• Extend the due date for furnishing forms under Sections 6055 and 6056 for 2017 for 30 days, from Jan. 31, 2018, to March 2, 2018; and
  • Extend good-faith transition relief from penalties related to 2017 information reporting under Sections 6055 and 6056.

Notice 2018-06 does not extend the due date for filing forms with the IRS for 2017. The due date for filing with the IRS under Sections 6055 and 6056 remains Feb. 28, 2018 (April 2, 2018, if filing electronically).

Action Steps

The IRS is encouraging reporting entities to furnish statements as soon as they are able. No request or other documentation is required to take advantage of the extended deadline.

Section 6055 and 6056 Reporting

Sections 6055 and 6056 were added to the Internal Revenue Code (Code) by the Affordable Care Act (ACA).

  • Section 6055 applies to providers of minimum essential coverage (MEC), such as health insurance issuers and employers with self-insured health plans. These entities will generally use Forms 1094-B and 1095-B to report information about the coverage they provided during the previous year.
  • Section 6056 applies to applicable large employers (ALEs)­­—generally, those employers with 50 or more full-time employees, including full-time equivalents, in the previous year. ALEs will use Forms 1094-C and 1095-C to report information relating to the health coverage that they offer (or do not offer) to their full-time employees.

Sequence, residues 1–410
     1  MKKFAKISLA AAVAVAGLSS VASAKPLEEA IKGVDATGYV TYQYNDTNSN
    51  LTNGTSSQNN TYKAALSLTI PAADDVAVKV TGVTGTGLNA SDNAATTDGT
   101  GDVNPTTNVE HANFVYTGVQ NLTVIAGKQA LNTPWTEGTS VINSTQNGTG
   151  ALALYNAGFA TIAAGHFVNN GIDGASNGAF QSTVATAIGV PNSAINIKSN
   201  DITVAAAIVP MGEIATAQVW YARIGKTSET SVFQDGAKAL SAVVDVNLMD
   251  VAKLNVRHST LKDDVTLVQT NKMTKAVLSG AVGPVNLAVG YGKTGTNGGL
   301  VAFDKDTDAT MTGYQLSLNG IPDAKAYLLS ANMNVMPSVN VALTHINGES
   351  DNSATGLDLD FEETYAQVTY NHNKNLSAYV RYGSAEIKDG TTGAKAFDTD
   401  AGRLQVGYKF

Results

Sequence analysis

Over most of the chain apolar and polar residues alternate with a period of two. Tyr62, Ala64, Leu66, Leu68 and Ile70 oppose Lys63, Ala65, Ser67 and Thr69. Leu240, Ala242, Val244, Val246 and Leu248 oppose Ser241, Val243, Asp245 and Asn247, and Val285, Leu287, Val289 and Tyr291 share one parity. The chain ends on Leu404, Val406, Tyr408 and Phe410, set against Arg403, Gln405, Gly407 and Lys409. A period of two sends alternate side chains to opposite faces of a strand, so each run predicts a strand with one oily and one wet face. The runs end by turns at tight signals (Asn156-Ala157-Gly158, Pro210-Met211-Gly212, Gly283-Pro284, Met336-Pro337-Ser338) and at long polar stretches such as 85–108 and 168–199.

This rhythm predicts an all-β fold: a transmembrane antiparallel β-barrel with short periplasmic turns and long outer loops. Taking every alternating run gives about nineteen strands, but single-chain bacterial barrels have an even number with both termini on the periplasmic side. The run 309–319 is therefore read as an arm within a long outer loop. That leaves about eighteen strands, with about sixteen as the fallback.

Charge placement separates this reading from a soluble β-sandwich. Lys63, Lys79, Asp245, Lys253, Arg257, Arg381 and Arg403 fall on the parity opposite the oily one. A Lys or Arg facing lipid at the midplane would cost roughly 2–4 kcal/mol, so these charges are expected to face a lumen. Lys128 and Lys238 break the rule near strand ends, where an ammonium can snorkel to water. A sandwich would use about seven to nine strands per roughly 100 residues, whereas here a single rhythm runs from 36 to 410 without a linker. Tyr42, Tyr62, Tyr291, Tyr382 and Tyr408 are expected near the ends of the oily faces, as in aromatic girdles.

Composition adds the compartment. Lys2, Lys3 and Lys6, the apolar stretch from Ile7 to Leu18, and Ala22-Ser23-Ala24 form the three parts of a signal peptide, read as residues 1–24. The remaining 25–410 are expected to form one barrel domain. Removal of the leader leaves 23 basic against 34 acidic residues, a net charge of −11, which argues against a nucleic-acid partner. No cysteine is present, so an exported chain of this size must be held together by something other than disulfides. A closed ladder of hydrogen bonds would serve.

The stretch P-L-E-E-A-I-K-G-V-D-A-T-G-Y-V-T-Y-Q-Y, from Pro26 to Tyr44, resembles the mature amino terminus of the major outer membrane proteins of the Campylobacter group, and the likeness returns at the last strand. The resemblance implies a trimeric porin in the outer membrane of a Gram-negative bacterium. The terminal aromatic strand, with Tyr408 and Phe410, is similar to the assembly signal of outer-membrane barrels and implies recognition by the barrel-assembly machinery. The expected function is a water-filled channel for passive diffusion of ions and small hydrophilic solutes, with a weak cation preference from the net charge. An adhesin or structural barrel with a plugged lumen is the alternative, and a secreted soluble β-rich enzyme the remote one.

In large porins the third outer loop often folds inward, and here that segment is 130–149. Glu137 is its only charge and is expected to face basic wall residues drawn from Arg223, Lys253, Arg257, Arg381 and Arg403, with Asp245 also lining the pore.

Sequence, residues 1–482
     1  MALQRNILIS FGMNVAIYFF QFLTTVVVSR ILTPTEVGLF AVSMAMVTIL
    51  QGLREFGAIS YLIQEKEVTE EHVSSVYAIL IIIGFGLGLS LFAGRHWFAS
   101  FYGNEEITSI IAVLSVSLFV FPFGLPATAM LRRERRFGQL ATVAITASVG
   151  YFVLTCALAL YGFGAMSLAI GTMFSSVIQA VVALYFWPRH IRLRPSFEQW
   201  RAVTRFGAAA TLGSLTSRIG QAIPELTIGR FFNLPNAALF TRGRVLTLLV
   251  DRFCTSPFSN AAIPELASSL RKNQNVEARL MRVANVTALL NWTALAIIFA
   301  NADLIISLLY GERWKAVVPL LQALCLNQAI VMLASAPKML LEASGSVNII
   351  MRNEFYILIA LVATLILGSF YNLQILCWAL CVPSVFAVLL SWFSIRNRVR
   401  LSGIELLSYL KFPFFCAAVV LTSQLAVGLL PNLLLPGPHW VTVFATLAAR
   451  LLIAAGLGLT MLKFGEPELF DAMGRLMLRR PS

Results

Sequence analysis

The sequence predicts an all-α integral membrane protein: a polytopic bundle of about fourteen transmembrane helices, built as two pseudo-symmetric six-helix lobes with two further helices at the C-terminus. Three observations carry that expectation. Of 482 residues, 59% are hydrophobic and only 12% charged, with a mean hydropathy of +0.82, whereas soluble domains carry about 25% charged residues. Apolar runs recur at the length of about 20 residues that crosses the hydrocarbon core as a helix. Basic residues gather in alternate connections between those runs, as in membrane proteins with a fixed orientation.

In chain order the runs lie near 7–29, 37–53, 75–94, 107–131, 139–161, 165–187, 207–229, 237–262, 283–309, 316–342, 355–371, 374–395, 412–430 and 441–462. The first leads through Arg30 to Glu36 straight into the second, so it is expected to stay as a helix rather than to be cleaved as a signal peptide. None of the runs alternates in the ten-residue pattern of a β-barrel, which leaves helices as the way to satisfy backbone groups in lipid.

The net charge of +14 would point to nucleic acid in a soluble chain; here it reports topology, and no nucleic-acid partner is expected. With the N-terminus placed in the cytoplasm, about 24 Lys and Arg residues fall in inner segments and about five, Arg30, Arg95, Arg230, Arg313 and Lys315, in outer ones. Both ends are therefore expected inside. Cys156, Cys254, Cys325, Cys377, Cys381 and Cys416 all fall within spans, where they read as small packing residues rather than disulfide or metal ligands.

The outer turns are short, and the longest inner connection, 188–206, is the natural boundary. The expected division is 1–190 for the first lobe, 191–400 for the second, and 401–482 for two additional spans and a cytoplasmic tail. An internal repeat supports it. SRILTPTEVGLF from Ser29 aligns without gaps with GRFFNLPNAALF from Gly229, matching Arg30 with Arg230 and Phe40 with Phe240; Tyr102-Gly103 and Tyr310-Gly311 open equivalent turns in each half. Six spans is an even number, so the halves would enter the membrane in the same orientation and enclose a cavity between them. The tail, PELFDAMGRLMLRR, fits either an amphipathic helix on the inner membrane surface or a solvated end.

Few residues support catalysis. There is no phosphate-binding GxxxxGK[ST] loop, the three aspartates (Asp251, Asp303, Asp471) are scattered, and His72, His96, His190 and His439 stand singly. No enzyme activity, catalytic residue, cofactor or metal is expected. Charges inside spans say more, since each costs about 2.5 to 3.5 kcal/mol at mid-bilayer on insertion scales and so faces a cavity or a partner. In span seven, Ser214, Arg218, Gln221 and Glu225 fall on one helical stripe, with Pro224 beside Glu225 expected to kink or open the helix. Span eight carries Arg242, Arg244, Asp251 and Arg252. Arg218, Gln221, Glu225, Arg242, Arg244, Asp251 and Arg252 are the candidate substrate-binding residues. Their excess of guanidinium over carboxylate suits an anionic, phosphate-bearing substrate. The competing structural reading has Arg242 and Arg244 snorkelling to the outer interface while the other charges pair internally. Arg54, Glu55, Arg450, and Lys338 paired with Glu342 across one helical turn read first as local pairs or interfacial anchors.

Extended Furnishing Deadline


By |December 22nd, 2017|Uncategorized|Comments Off on 2017 ACA Reporting Furnishing Deadline Delayed

Legal Alert: IRS Updates Employer Mandate FAQs: Indicates that Penalty Letters are Imminent

The Internal Revenue Service (IRS) has updated its list of frequently asked questions (FAQs) on the Affordable Care Act’s employer shared responsibility provisions – also known as the “pay or play” mandate. In particular, questions 55 through 58 provide guidance for employers who may be subject to shared responsibility payments.   The FAQs indicate that the IRS will begin sending penalty letters to applicable large employers (ALEs) that owe penalties for calendar year 2015 “in late 2017.” Around this time last year, the IRS had indicated that penalty letters for 2015 would be coming “in early 2017;” however, those letters never materialized.   Based on the latest update to its FAQs, it appears that the IRS has worked out the kinks in its systems and is prepared to begin sending penalty letters.